In 2011, a gentleman by the Minecraft username “therealduckie” began laying the virtual blocks for what would eventually become the largest recreation of Walt Disney World on any of the game’s servers. The McMagic server boasts the ability to visit all four theme parks, several resort hotels, Typhoon Lagoon, Disney Cruise Line ships and even some backstage buildings. However, the server does not just allow guests to walk through the virtual recreations of the parks, but also real working attractions and shows, including nightly performances of Wishes! and Illuminations: Reflections of Earth, complete with music.
Minecraft is an award-winning “sandbox” video game that, at its core, enables users to inhabit a virtual world where they must mine resources and then craft them into whatever their imagination can create. After playing for some time and becoming an administrator on a reedit creative server, therealduckie decided to begin recreating the Magic Kingdom. Three years later, McMagic has had more than 180,000 visitors and on an average day one can find around 100 online users experiencing the parks.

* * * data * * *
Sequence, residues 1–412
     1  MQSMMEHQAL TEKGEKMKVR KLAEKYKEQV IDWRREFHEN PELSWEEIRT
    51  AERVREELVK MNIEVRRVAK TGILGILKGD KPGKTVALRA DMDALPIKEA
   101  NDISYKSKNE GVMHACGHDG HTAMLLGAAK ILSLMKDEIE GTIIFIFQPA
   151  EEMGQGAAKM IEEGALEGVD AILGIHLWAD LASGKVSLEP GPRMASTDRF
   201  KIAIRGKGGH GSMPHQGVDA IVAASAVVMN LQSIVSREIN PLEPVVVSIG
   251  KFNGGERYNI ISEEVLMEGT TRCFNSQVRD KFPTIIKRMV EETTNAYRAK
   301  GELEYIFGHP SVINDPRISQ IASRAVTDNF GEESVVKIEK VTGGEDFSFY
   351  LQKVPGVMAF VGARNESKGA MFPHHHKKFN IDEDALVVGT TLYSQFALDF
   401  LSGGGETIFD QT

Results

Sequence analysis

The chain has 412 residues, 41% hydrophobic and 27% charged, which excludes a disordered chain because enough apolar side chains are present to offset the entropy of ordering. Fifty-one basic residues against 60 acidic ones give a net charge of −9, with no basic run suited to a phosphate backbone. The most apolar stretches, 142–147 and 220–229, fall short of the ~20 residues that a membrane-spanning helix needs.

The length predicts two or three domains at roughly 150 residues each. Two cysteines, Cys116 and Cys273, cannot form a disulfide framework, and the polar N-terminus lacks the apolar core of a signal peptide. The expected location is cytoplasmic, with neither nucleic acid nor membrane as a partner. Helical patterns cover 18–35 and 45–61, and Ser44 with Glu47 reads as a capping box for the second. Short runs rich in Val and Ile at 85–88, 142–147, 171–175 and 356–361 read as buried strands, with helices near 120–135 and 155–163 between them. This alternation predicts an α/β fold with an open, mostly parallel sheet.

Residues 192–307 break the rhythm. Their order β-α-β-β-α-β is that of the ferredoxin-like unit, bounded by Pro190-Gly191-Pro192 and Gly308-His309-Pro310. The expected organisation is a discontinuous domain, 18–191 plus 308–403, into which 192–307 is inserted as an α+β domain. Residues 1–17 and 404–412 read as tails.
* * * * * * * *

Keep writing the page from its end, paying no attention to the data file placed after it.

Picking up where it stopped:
For those of you who remember Disney’s Virtual Magic Kingdom (VMK), it differed from McMagic in that McMagic has no affiliation with the Walt Disney Company and is entirely supported by fans of Disney and Minecraft. Additionally, McMagic has no set goal as to what guests should do, unlike VMK, where users were encourage to collect virtual trinkets and play mini games based on the park’s attractions. McMagic is truly about allowing guests to experience the parks in as accurate a way as to one would in real life, down to even occasionally stopping by a restaurant to satisfy one’s virtual hunger.
McMagic attempts to recreate as closely as possible the experience of visiting the Walt Disney World Resort. There are additional Disney Minecraft servers on the internet that recreate other Disney Parks and attractions, but what sets McMagic apart is their attention to detail in recreating the accuracy of the parks online and the way they operate the server.